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  2. there is another of his books in english but is out of print you shall know them it was out on capuchin classics but i think they aren’t going anymore

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    • That’s a shame… the introductory essay explains about other books he wrote after the war. I’d be surprised if this one isn’t taught in schools: it’s short and easy to read, and anyone reading French as their first language could read it in no time. (It took me a week, but that’s because I write a summary of what I’ve read as I go.)

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  3. This was one of the novellas I read last year in Dutch, but wrote neither a full review nor a blog post, just a quick Goodreads review. It was interesting to read your recap of the story and its progression.

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    • Hello, welcome, and thank you:)
      What an interesting blog you have! I wish I’d had a chance to browse it before we visited the Netherlands in 2015…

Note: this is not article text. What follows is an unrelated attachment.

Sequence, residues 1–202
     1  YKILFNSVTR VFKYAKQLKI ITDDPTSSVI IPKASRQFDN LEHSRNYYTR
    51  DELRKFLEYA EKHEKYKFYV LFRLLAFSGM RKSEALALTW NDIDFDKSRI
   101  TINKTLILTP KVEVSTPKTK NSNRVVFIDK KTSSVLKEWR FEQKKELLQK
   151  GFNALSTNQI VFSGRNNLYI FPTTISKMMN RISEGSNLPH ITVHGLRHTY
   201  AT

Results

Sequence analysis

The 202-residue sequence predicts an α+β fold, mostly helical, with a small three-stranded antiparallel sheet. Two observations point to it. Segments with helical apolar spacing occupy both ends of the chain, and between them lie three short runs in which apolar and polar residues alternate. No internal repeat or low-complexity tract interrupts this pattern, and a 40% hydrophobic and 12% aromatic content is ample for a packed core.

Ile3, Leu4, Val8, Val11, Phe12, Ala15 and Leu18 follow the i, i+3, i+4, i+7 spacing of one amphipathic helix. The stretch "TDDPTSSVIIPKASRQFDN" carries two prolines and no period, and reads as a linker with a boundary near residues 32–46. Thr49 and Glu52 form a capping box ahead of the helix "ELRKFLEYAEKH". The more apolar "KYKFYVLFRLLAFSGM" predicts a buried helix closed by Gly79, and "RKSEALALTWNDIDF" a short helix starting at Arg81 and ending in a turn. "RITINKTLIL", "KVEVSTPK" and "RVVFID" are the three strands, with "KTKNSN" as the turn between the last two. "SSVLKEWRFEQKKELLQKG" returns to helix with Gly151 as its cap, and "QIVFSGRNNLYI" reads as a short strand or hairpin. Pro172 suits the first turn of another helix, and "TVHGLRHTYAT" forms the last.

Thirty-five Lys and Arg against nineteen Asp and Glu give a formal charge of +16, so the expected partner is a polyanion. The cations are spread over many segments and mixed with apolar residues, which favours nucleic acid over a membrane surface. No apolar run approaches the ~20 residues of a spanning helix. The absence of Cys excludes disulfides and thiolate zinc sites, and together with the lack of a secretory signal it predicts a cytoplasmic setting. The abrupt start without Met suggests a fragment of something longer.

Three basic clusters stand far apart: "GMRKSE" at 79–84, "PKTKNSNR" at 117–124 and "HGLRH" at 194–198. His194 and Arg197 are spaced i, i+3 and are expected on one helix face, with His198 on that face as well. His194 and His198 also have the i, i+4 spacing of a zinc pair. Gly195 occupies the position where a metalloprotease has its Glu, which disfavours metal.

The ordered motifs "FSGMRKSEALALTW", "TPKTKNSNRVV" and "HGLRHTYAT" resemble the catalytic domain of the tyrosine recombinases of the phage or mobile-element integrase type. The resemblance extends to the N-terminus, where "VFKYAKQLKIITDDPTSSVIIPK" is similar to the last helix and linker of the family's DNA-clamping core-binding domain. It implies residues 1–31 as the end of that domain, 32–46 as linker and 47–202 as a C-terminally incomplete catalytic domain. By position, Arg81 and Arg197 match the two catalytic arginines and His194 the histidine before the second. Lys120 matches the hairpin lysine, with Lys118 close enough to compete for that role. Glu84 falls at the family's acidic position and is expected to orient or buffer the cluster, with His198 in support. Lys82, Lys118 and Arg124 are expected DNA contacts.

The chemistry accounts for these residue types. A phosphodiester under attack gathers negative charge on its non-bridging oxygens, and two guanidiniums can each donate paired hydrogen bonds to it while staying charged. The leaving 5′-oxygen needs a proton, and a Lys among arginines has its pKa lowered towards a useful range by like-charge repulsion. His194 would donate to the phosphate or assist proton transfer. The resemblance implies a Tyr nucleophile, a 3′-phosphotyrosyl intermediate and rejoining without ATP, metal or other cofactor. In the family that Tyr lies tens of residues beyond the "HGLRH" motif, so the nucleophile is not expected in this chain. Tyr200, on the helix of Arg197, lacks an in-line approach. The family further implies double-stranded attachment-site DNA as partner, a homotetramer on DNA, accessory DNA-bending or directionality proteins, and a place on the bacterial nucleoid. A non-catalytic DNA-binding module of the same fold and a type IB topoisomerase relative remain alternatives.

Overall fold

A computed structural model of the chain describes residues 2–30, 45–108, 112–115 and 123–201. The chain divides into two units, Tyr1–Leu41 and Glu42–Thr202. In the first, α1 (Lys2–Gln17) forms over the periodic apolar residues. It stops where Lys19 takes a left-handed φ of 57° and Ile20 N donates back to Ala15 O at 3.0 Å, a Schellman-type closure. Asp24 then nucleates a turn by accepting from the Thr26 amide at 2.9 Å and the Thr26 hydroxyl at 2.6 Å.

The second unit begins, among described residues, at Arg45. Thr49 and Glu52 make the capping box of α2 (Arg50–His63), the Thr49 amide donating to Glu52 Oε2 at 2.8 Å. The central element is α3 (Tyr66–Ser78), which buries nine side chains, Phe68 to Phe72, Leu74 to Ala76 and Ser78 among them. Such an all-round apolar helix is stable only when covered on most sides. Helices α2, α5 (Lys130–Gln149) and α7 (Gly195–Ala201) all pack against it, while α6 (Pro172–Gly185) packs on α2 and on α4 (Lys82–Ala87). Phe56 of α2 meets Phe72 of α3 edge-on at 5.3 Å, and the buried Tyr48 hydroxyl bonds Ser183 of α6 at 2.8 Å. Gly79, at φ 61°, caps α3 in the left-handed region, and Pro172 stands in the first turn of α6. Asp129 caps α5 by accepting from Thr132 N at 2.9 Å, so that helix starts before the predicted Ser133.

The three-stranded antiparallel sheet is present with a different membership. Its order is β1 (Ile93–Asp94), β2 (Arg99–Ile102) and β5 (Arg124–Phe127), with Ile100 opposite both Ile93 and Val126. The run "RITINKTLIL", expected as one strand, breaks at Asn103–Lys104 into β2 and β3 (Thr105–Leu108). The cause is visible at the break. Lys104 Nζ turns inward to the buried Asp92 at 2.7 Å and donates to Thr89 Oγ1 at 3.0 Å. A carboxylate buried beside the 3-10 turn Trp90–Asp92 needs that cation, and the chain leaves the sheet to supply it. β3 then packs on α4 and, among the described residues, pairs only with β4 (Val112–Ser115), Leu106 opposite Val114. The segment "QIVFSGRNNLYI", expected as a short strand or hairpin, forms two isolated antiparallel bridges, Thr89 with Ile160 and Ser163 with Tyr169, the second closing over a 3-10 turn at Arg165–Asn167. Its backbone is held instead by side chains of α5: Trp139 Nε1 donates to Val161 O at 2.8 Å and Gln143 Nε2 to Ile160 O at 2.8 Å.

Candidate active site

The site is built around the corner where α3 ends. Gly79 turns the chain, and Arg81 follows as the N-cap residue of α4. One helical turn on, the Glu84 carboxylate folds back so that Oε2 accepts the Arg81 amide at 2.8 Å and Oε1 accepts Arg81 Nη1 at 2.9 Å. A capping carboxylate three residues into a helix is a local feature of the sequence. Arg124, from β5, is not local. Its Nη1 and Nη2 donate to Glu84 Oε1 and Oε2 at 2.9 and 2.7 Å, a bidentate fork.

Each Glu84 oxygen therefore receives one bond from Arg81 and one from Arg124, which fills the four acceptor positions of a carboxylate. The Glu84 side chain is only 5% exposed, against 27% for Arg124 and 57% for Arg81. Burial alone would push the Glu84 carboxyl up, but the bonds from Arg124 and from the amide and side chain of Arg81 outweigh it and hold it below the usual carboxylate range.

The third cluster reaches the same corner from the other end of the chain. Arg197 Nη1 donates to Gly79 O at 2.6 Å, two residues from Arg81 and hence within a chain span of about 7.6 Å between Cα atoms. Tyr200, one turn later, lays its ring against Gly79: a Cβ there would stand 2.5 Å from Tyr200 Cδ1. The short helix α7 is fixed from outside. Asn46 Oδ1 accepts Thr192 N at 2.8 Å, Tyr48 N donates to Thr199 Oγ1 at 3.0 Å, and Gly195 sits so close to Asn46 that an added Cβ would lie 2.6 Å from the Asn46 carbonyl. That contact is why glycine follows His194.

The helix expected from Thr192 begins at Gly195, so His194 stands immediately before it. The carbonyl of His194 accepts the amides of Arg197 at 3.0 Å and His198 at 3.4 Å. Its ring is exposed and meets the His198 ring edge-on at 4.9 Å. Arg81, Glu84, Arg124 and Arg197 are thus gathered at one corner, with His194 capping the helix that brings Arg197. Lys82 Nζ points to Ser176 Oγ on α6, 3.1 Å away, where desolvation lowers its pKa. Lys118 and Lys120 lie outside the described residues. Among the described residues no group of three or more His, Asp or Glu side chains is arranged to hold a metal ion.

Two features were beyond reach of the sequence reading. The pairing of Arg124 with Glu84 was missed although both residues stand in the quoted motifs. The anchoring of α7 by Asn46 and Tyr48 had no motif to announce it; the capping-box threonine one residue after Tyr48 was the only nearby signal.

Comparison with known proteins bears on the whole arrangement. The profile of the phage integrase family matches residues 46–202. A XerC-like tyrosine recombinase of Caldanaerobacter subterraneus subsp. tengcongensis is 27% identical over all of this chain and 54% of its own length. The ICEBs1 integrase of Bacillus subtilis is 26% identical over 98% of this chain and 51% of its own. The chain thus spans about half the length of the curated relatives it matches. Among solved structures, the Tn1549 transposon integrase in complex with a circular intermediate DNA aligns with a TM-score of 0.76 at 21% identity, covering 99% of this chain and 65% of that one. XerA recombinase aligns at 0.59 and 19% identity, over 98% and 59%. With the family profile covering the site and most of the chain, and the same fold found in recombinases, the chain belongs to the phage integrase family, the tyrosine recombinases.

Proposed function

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      • Thank you. I also have a book blog, marketgardenreader.wordpress.com, but have never worked out how to post comments from there. My reading is random and my blogging extremely erratic. Good intentions usually scuppered by wanting to read another book.

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        • Good for you, I am firmly of the belief that book blogging like any other leisure activity, ought never to become a burden. If another book is called, or the sun is shining and the dog wants a walk, leave the blog for another day!

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          • True. However, tomorrow never comes and tempus fugit. Procrastination is the thief of time. I really admire people who manage to read, blog, work and have a family/social life. They are obviously far more focussed than I am, ha ha.

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            • Well, social media can be a killer. I do more monitoring of Twitter and Facebook than actually posting to it. I just scan down to see if there’s anything I need to engage in, and most of the time, there isn’t. Occasionally I feel the urge to weigh in on some issue, but I am getting better and better at saving my opinions for f2f occasions. (And this blog, of course.)

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  4. […] counter German censorship.  The most famous of these books, Le Silence de la Mer (which I reviewed here) isn’t mentioned, but the underground materials that Dominique delivers at Jean’s […]